# Existence of linear operator on inner product space

$$V$$ is a finite-dimensional inner product space and define inner product $$\langle\cdot ,\cdot\rangle_1$$ and $$\langle\cdot,\cdot\rangle_2$$ on $$V$$.

How can I show that there exists linear operator $$T$$ on $$V$$ such that $$\langle a , b\rangle_1$$ = $$\langle Ta , b\rangle_2$$ for all $$a, b$$ in $$V$$?

Is it enough to set arbitrary $$T$$ and use the above conditions to show that $$\langle a , b\rangle_1$$ satisfies the definition of inner product by using the properties of $$\langle Ta , b\rangle_2$$ inner product?

• To answer your second question: no, showing that $\langle Ta,b \rangle_2$ is an inner product does not not allow to conclude that there exists a $T$ such that $\langle a,b \rangle_1 = \langle T a ,b \rangle_2$ for all $a,b\in V$. Commented Jun 19, 2020 at 11:10

Sketch of a proof: Let $$n$$ be the dimension of $$V$$.
First, show that there exists an $$S$$ for which $$\langle a,b \rangle_1 = \langle Sa,Sb\rangle_2$$. In order to find such a map, find orthonormal bases $$x_1,\dots,x_n$$ of $$(V, \langle\cdot,\cdot\rangle_1)$$ and $$y_1,\dots,y_n$$ of $$(V, \langle\cdot,\cdot\rangle_2)$$. Define $$S:V \to V$$ to be the unique linear map for which $$S(y_j) = x_j$$ for $$j = 1,\dots,n$$, and show that this $$S$$ satisfies the desired property.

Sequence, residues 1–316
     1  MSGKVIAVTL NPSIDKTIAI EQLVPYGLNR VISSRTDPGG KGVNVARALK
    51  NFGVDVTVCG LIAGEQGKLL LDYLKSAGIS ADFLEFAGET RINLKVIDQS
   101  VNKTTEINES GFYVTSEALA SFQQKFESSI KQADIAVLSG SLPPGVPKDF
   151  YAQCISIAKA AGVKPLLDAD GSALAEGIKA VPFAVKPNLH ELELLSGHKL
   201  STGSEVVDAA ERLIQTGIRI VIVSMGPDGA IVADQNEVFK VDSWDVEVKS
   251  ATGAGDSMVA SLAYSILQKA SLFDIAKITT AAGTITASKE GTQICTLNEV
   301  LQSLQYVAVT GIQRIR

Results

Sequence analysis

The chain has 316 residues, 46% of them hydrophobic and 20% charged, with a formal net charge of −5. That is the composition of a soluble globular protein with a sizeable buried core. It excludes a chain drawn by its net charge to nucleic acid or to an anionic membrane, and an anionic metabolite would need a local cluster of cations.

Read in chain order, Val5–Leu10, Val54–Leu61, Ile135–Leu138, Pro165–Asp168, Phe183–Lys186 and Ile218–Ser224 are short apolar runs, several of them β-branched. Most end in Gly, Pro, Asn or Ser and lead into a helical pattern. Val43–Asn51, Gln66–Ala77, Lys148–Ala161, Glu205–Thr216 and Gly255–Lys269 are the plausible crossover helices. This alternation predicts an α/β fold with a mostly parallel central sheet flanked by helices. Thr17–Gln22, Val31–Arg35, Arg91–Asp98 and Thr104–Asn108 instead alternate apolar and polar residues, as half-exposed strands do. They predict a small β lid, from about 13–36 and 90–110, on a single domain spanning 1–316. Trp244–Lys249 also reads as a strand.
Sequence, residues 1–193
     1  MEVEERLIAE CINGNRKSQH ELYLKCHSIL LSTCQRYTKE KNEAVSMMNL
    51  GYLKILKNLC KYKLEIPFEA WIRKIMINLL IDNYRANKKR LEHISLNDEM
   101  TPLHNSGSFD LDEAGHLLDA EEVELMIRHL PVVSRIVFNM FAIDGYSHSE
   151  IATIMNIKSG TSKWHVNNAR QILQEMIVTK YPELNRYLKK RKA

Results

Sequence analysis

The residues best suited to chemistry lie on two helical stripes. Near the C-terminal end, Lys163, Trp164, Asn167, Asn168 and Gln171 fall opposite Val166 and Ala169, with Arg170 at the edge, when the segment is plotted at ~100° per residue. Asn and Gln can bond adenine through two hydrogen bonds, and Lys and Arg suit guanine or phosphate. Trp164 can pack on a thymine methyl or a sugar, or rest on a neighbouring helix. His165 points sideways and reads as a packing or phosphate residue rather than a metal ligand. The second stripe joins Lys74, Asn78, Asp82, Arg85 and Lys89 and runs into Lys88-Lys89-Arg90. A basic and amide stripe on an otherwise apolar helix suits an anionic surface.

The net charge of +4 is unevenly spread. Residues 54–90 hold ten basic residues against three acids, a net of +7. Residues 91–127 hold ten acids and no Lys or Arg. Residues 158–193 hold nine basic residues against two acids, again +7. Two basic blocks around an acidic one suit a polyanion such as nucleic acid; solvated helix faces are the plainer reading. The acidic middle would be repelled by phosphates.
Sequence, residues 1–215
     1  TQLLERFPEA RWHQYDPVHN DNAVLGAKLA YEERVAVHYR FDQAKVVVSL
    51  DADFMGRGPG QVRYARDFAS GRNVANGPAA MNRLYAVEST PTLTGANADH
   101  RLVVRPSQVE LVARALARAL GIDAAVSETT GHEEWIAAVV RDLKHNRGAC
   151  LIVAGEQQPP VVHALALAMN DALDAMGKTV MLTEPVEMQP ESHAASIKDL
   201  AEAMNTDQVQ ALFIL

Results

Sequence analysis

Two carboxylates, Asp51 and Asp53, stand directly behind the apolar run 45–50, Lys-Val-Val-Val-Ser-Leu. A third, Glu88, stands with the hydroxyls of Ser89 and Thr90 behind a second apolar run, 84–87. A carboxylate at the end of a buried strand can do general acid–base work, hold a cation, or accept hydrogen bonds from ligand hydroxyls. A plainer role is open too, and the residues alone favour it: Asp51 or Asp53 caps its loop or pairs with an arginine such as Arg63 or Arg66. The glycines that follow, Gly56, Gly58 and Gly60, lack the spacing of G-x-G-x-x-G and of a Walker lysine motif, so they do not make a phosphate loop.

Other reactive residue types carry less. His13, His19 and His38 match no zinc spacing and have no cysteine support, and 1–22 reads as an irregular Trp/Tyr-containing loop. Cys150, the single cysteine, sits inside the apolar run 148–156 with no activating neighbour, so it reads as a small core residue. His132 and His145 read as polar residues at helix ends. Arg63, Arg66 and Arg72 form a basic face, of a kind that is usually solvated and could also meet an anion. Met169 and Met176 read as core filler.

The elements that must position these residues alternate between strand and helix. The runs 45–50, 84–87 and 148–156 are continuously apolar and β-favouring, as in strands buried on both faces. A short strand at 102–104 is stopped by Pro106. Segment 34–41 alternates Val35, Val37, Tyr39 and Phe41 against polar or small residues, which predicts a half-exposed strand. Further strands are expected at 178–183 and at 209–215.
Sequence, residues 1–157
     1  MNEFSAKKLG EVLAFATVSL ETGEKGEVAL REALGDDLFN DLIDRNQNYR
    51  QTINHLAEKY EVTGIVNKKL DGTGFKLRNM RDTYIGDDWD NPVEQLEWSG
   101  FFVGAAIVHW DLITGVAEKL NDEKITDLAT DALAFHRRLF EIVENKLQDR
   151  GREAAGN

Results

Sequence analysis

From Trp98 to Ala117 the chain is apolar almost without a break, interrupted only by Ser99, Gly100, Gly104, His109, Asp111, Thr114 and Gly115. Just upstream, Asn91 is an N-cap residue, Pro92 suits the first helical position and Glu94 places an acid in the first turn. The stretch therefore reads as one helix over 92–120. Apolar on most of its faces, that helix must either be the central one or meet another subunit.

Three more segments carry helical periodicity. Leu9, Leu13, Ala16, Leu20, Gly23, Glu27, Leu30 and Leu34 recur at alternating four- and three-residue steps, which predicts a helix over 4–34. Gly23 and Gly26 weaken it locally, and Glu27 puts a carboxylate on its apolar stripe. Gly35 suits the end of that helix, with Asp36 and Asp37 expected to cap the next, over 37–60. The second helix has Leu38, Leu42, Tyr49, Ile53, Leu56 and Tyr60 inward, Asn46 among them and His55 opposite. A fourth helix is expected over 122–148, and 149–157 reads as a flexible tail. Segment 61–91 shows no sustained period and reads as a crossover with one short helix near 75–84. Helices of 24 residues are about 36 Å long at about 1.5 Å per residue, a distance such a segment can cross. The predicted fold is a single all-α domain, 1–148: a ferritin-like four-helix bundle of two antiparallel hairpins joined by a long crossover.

Second, let $$T = S^* \circ S,$$ where $$S^*$$ denotes the adjoint of $$S$$ relative to $$\langle \cdot,\cdot \rangle_2$$. Show that we indeed have $$\langle a,b\rangle_1 = \langle Ta,b \rangle_2$$, as desired.
A more concise (but abstract) proof would be as follows. For $$k = 1,2$$, let $$\delta_k: V \to V^*$$ be the map $$\delta_k(a) = \langle a, \cdot \rangle_k$$. Both $$\delta_1,\delta_2$$ are isomorphisms, so define $$T:V \to V$$ by $$T = \delta_2^{-1} \circ \delta_1$$. This $$T$$ satisfies $$\delta_2\circ T = \delta_1 \implies \delta_2(Ta)(b) = \delta_1(a)(b) \implies \langle Ta,b\rangle_2 = \langle a,b\rangle_1,$$ as was desired.